Sunday, December 20, 2020

Iain Pears, The Bernini Bust

 Iain Pears, The Bernini Bust
Copyright © 1982 Iain Pears
Berkeley Prime Crime
ISBN 978-0-425-19187-7

The second entry in Iain Pears’ series of art mysteries (featuring Flavia diSetfano and General Botttano (of the Italian art crimes squad) and Jonathan Argyll (scholar and, for now, an employee o a high-end art gallery).  This outing includes Argyll’s sale of a Titian painting (for $2 million; his share of the commission would keep him happily in Rome for a couple of years); a portrait bust of Pope Pius VI (by, of course, Bernini), and a museum founded and funded by an American billionaire (Arthur Moresby, whose name, of course, is on the museum).  And murders.

When reading the book, I wondered whether any such portrait bust existed.  The answer, I have to report, is that it is unlikely that any such bust ever existed.  I can find no mention of any such bust.  And, that Bernini would ever have created such a bust is highly unlikely.  Bernini was born in 1598 and died in 1680.  There were no popes named Pius during his lifetime (and I suspect that the demand for portrait busts of dead popes was not very great.  Pius III (1439-1503 was pope for one month in 1503.  Pius IV lived 1499-1565, and was pope 1559-1565.  Pius IV, 1509-1572; pope, 1566-1572.  The next Pope Pius (VI) was not born until 1717.  But how many readers will know, or be moved to discover, this?  (But Argyll, at least, should have known.)  Images of portrait buses of Pius V may be found here:
Posthumous Bust of Pope Pius V | The Art Institute of Chicago (
And here:
Mario Cartaro | Bust portrait of Pope Pius V in profile facing left set within an elaborate architectural structure upon which sit allegorical figures including Faith, Charity and Religion above and Justice and Prudence below who flank St Michael | The Metropolitan Museum of Art (

As the tale begins, Argyll is waiting to turn over to the museum’s director Samuel Thanet the Titian painting.  Hector di Souza is delivering the (alleged) Bernini bust to Thanet, and the museum staff (and patrons) are preparing for a reception at which Arthur Moresby, billionaire and founder/funder of the museum will make a speech,  A large number of people, including Moresby’s 5th five and his only son, will be in attendance.  But the reception is a flop and plans for a major expansion of the museum put on hold—Arthur Moresby has been murdered.

The investigation falls to an LAPD detective, Morelli.  Argyll suffers a broken leg in an automobile crash that may or may not have been an accident.  And deStefano, who has been cranky of late,  is assigned an investigation some (related? Or not?) shenanigans in Italy, is dispatched to LA to assist in recovering what might be artworks (specifically, di Souza’s Bernini bust) that have been smuggled out of Italy.  And di Sousa has, as it turns out, also been murdered.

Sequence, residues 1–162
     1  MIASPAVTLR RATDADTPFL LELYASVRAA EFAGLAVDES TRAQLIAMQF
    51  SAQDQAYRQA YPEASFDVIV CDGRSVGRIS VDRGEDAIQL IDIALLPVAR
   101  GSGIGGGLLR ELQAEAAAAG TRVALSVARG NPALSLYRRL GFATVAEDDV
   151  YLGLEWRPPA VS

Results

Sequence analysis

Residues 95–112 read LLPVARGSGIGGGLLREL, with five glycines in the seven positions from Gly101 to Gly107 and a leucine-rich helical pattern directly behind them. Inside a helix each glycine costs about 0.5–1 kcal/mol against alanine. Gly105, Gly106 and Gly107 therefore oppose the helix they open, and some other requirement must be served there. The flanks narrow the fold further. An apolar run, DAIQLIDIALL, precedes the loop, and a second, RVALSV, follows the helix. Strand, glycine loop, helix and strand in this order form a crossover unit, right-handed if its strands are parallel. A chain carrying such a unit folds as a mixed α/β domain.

The portrait that Pears gives us in southern California is fairly acid, and the encounters Argyll and deStefano have with the police and assorted suspects are wicked.  In fact, for most of the book, the investigations take a back seat to the description of the environment and its inhabitants.  Pears takes some justified shots at the origins and operations of what can fairly be called a vanity museum (with come collateral comments about the Getty, the Frick, and others.  And, I will admit, I had to pay very close attention to keeping track of the comings and goings of the principal actors. 

The weakest bit in the book is, in my opinion, deStefano’s explanation (assisted by Argyll) of the how and why the murders were committed.  And the ending of the tale, which involves deStafano and Argyll travelling back to Italy, to meet with an old marble carver (who has worked on cathedrals for most of his lifetime), to bring him news of his old friend di Sousa from he has become estranged, is bittersweet and touching. 

Thursday, December 17, 2020

17 December 2020

 Heavy dark grey clouds,
Last night’s snow slowly melting.
My mood fits right in.

17 December 2020

Saturday, December 12, 2020

Iain Pears, The Raphael Affair

 Iain Pears, The Raphael Affair
Copyright © 1990 Iain Pears
Berkeley Prime Crime/Penguin-Putnam
     (paperback reprint)
ISBN:  0-425-16613-9

Iain Pears wrote one of the most convoluted, engrossing, maddening (and several other adjectives) I have ever read—An Instance of the Fingerpost.  I don’t even want to try to explain the title (which may be the easiest part of the book, actually).  It has 4 (first-person) narrators, all of them unreliable.  Here, however, we have a fairly straightforward third-person narrative which deals with the rather convoluted (and, in his series of mysteries, nefarious) world of fine art.  There are three main characters:  General Taddeo Bottando, head of the police organization devoted to dealing with art world frauds (and other crimes); Flavia di Stefano, one of his associated; and Jonathan Argyll, an art historian in the process of finishing his dissertation,.  I enjoy all three of t hem; they are delights.  (This is the first of 7 mysteries in which they appear, published between 1991 and 2000. All of the books are, unsurprisingly, art history mysteries, involving the work of other transcendent painters from the15th and 16th centuries.)